It has been said that parenting is akin to navigating a ship through choppy waters, never knowing what lies beyond the next wave.
Whether you are raising boys or girls, each comes with its own set of challenges.
Christine Marasco, of Marietta, is mom to two of each, ranging in age from 4 months to 8 years.
She admits there has been a clear dinstinction between her two boys and her two girls from the very beginning.
"I've noticed a difference in them from birth," she said.
"The boys are definitely more physical and the girls are more talkative."
- Patrick Ward, Ph.D: www.patrickward.com
- Closing the gender gap: http://www.campbell-kibler.com/Stereo.pdf
- Boys vs. girls: http://www.parenting.com/article/Child/Development/Harder-to-Raise-Boys-or-Girls
- "Why Boys are Different" by Steve Biddulph
- "The Everything Parent's Guide to Raising Boys: A Complete Handbook" by Cheryl L. Erwin
- "Raising Girls: Why Girls are Different - and How to Help Them Grow" by Gisela Preuschoff and Steve Biddulph
- "The Complete Idiot's Guide to Raising Girls" by Gary J. Weisenberger, Kathy Sherwin and Deborah S. Romaine.
- "The Complete Idiot's Guide to Raising Boys" by Laurie A. Helgoe and Barron M. Helgoe
Does this mean that her sons and daughters are raised or disciplined differently?
"No, not really," Marasco said, adding that she and her husband are jointly responsible for doling out discipline and each is supportive of the other's decisions.
"That's one of the reasons I married him, because we had similar upbringings and similar beliefs," she said.
As far as Marasco - who has not yet had to face the fearsome teen years - can tell, the old adage "boys are walkers, girls are talkers," holds true.
"My baby girls would sit and play with toys but my boys were much more active," she said.
Jon Grimm, a Marietta councilman and single dad of two girls says he wouldn't trade his experiences with his daughters for the world.
"I don't look back on things and think 'I wish I had a boy,'" he said.
"But I do wish there had been a little bit more of a female influence."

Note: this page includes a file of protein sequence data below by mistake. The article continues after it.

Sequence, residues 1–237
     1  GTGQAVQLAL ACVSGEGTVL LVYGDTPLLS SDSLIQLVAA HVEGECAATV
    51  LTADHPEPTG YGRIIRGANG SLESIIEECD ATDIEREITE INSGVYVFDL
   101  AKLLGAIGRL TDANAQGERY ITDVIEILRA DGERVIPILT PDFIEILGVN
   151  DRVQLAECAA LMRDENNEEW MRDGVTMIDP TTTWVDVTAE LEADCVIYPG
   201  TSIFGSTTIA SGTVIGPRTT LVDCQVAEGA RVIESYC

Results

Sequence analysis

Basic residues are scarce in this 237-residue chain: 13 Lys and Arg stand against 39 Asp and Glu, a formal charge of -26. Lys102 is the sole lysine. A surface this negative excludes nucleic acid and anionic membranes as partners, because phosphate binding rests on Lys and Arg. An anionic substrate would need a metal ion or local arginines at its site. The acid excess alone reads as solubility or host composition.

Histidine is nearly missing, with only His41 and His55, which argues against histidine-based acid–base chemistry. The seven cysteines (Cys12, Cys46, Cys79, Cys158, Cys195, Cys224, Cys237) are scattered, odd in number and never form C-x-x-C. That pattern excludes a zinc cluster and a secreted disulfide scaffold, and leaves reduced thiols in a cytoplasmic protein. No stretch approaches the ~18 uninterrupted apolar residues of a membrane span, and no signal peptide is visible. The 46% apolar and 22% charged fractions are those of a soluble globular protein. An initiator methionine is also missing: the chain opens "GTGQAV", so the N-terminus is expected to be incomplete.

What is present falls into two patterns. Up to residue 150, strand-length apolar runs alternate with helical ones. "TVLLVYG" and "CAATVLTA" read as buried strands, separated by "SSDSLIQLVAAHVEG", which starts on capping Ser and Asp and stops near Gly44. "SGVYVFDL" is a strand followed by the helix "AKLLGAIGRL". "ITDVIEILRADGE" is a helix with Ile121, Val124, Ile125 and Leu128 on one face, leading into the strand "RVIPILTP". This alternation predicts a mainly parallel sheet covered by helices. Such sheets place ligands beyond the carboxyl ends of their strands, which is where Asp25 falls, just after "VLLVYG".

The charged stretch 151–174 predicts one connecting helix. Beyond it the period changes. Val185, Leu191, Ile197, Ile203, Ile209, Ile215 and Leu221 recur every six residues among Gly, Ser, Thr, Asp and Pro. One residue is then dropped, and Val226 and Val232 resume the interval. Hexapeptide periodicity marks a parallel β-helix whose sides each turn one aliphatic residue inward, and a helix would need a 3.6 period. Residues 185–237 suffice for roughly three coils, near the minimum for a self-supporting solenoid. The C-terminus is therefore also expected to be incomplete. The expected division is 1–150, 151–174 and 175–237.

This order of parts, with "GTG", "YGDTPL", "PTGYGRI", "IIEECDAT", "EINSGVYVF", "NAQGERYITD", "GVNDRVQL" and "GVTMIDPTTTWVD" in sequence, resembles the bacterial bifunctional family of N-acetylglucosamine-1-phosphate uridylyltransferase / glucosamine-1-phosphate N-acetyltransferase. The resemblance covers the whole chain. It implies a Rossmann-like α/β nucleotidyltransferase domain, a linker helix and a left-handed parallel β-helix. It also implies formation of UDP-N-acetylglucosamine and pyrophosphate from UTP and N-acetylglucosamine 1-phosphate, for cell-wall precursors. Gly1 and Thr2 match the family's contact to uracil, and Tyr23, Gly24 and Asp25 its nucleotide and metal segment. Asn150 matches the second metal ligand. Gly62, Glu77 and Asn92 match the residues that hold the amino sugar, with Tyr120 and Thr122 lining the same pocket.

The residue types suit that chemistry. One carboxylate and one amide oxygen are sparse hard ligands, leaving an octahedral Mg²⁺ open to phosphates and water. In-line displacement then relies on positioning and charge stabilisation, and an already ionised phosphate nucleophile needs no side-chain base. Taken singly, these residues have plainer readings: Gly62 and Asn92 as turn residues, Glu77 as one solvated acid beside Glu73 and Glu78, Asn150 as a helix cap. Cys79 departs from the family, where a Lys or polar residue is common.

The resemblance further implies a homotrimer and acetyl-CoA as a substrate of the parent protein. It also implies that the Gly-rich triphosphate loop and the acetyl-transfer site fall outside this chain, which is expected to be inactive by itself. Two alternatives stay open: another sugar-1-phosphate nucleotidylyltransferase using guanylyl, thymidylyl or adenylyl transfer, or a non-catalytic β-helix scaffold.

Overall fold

Grimm admits that there were awkward moments when his daughters, now college students, were teenagers and he didn't quite know what to do.
"But my mother was very involved and able to answer those questions," he said.
"Other than that, we didn't really know any different. We were very close," he said.
Having someone of the same sex to relate to is crucial for development, according to Dr. Patrick Ward, a marriage and family therapist practicing in Parkersburg.
"I think boys especially need to have a male role model and I stress that a lot," he said.
Families often seek Ward's counsel in matters of dealing with their teenagers and he sees clients mostly ranging in age from 10 to 15.
"Both (boys and girls) pose their own unique set of challenges," he said.
For instance, boys who, by nature, need to move around, might have a hard time with "timeout" as punishment.
Girls tend to take things more personally, especially around age 12, when peers are a big influence.
"Girls tend to be more emotional, and boys tend to internalize their emotions" causing them to act out more aggressively, Ward said.
The challenge parents face, according to Ward, is helping girls to be a little less emotional and helping boys be more in touch with, and express, their emotions in a healthy way.
It is also crucial to understand that, yes, boys will be boys and girls will be girls but to play into rigid stereotypes - such as boys shouldn't cry and girls can't play sports - is harmful.
"Our society reinforces stereotypes but to hold a person to these expectations is harmful to their development," Ward said.